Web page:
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In satisfying the Chemistry General Institute Requirement, students can choose to study basic chemical principles via Introduction to Solid-State Chemistry (3.091) or Principles of Chemical Science (5.11).

Although both courses begin very similarly and discuss the same general principles, the examples and applications are different. 3.091 emphasizes “more extended structures” and “macromolecular systems,” and 5.11 focuses on “a more molecular viewpoint,” according to Professor of Chemistry Sylvia T. Ceyer, who is co-lecturing 5.11 this fall with Assistant Professor Catherine L. Drennan and Professor Daniel G. Nocera, both also of the chemistry department.

Choosing between 3.091 and 5.11 is like deciding whether you “like raspberry or strawberry,” Ceyer said.


“3.091 tries to be integrative by bringing in subject matter from outside the strict sciences,” said Professor of Materials Science and Engineering Donald R. Sadoway, who is lecturing the course for the fifth time this fall.

“We try to use music, for example, to link music thematically with the subject matter, so in the five minutes before and after the lecture, I play music, and I choose the selection so they’re thematically linked,” he said. For instance, Sadoway would tie a lecture on hydrogen bonding to Handel’s Water Music, or play the theme from Superman to X-ray characterization.

The course “teaches the principles of chemistry but also follows through with examples from the real world,” he said.

Sadoway has been at MIT for 22 years. He holds an undergraduate degree in engineering sciences with a speciality in materials at the University of Toronto, where he stayed to pursue graduate work in metallurgy. His area of research specialization is in electrochemistry and metals production, although over time, he has become “more interested in the environmental impact of metal production.”

To freshmen, Sadoway says: “pursue your interests and manage your time.”


Positive experiences during freshman chemistry at their respective undergraduate colleges is why Nocera and Drennan are both in the field.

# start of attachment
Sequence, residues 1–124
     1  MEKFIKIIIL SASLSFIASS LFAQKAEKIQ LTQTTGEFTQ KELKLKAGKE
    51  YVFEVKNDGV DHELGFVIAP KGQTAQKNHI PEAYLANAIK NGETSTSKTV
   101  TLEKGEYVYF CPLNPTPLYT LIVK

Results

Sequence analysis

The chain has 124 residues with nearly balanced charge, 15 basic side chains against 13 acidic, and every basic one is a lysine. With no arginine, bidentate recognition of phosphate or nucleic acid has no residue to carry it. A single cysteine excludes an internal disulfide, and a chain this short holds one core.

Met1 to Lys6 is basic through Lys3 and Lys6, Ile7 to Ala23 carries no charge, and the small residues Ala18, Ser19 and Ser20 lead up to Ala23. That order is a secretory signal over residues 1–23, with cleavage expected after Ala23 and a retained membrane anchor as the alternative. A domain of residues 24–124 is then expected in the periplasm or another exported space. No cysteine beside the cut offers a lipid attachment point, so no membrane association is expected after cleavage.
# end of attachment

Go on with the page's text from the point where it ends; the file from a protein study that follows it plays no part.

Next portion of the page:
Nocera, who has been at MIT for two years, was inspired to learn more about spectroscopy after he first learned about ligand field theory in a first-year chemistry course at Rutgers University, where he obtained his undergraduate degree in chemistry. He started doing research right away, and once he started, “I was hooked,” he said. After Rutgers, he engaged in graduate work in chemistry at the California Institute of Technology.

Nocera considers himself a “color chemist.” The colors he researches in compounds “occur from the millionth to a billionth or even a trillionth of a second.”

Nocera first entered teaching because of research. “The whole reason” to be researching, he said, “is to be teaching people new things.” “Research and teaching go hand in hand.”

This is Nocera’s second time teaching 5.11.

“Taking freshman chemistry changed my life, and now I’ll have the opportunity to maybe get other people excited about chemistry,” said Drennan, who received her undergraduate degree in chemistry from Vassar College and a doctoral degree in biochemistry from the University of Michigan. She was originally going to major in biology.

Drennan has been at MIT since July 1, and this will be her first experience with lecturing 5.11. Prior to graduate school, she taught high school for three years, “and that’s where I discovered that I really loved teaching, and then realized that I loved research, too,” she said.

Although Drennan has only been here for a few months, “I really like it a lot so far... so far my exposure to undergraduate students is amazingly positive.”

In the future, 5.11 might become more biochemically oriented, with “more examples from biology why chemical processes are important,” said Drennan, who researches x-ray crystallography.

Despite having been at MIT for 18 years, 5.11 will be Ceyer’s first freshman course. She has taught Physical Chemistry (5.61), Physical Chemistry (5.62), and Introduction to Chemical Experimentation (5.311).

Ceyer earned her undergraduate degree in chemistry from Hope College in Michigan, and pursued graduate work in chemistry at the University of California, Berkeley.

She has loved chemistry ever since she was 10 years old. “I read a book called ‘What is Chemistry?’... and at the time, I’d never heard the word ‘chemistry,’ and I pronounced it as ‘ch-emistry’... I fell in love,” she said.

Ceyer’s current area of research is physical chemistry.